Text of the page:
The dieties that I adore
Are social peace and plenty.
I’m better pleased tae mak one more,
Than be the death o’ twenty.
I write this in the wake of the 70th anniversary of the D-Day landings in Normandy in World War II; the beginning of Operation Overlord, which saw the allies sweep across Europe, chasing back the axis powers and which eventually led to the suicide of Adolf Hitler and capitulation of Nazi menace. And frankly, I am sickened at what I have been hearing and seeing.
Do not get me wrong. I do not for one moment doubt the bravery of those who paid their part in a war which had to be fought. I also fully recognise, respect and honour the sacrifice made by millions. Not only did they buy me the right to sit on my arse and rant at my computer, I have no doubt that had the Nazis won, I would have been one of millions who would not even have been conceived, let alone born.
No, my problem is the way the commemoration of D-Day and other war commemorations are being glorified in the UK. BBC Radio 2 ran a week of programmes about the D-Day landings, and all I was hearing was little more than a glorification of war; so much so that I ended up turning the radio off and will not be back to that station until all this guff stops.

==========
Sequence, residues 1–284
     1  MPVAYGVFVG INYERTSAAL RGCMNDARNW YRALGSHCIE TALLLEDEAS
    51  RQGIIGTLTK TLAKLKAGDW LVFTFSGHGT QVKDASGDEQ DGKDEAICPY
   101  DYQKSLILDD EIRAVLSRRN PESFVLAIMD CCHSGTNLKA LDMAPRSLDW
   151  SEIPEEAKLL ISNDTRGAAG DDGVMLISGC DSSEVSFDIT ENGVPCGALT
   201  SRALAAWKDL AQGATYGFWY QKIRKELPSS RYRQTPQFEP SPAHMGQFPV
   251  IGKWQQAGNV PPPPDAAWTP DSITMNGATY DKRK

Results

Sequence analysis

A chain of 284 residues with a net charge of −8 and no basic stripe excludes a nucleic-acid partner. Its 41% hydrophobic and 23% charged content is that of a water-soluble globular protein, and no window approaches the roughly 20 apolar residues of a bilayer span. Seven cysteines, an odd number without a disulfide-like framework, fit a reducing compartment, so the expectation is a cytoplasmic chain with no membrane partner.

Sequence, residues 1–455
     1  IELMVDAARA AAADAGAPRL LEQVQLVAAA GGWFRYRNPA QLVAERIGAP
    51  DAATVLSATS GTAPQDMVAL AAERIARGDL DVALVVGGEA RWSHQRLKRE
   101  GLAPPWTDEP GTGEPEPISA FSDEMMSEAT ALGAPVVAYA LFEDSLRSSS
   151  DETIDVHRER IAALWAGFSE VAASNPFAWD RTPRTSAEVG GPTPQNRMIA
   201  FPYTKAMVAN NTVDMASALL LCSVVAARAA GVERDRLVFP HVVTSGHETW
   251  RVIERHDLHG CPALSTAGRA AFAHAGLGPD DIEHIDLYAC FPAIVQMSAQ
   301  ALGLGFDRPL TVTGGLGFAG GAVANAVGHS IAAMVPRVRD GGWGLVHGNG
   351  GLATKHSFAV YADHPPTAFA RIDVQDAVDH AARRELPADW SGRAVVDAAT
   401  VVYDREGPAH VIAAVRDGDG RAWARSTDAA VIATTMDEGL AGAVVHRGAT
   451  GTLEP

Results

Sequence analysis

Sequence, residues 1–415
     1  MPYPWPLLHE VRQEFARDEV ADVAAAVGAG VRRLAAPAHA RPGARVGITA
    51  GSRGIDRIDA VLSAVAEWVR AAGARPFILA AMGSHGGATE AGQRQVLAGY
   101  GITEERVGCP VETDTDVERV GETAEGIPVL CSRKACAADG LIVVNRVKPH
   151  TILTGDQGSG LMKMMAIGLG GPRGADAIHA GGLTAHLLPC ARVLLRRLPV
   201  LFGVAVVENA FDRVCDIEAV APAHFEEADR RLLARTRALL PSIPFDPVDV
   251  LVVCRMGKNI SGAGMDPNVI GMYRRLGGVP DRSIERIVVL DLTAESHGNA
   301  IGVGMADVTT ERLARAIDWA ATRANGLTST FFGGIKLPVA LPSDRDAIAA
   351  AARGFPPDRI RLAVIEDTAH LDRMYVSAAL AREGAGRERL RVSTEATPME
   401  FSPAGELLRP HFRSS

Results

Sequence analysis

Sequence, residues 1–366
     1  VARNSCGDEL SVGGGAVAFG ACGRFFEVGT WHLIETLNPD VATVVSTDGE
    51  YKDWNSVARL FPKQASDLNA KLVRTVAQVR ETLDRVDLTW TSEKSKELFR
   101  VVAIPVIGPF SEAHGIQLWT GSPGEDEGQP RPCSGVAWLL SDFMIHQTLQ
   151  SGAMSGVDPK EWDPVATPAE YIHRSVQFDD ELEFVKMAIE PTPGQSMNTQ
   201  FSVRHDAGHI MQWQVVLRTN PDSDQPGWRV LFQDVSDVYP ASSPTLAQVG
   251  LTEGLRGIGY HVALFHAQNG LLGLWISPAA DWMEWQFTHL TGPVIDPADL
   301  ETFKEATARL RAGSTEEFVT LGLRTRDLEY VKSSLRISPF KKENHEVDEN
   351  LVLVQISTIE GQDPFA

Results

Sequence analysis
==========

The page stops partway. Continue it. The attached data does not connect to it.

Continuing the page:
And it does not stop there. The UK Prime Minister, David Cameron, has announced that the 100th anniversary of the First World War will be marked with “celebrations”. How anyone can celebrate one of the most insane wars in history, which achieved nothing except killing millions while a handful of financiers got very rich and some countries were able to expand their empires into lands they had no right to, is beyond me. But then, how anyone can glorify any war is beyond me.
Was there ever any war, any victory, which should be celebrated or glorified? Are there really any winners in war? Or is it more likely that there are only losers; millions of them. Obviously I speak as a pacifist, who hates war of any kind. Yet I am pragmatic enough to realise that there will be times when armed conflict shall arise, and there are times it neither can nor should be avoided. Gandhi said it best; “Nonviolence is superior to violence, but violence is superior to cowardice.” When push comes to shove, and the only choice is capitulate or stand and fight, the latter is the only honourable and correct course.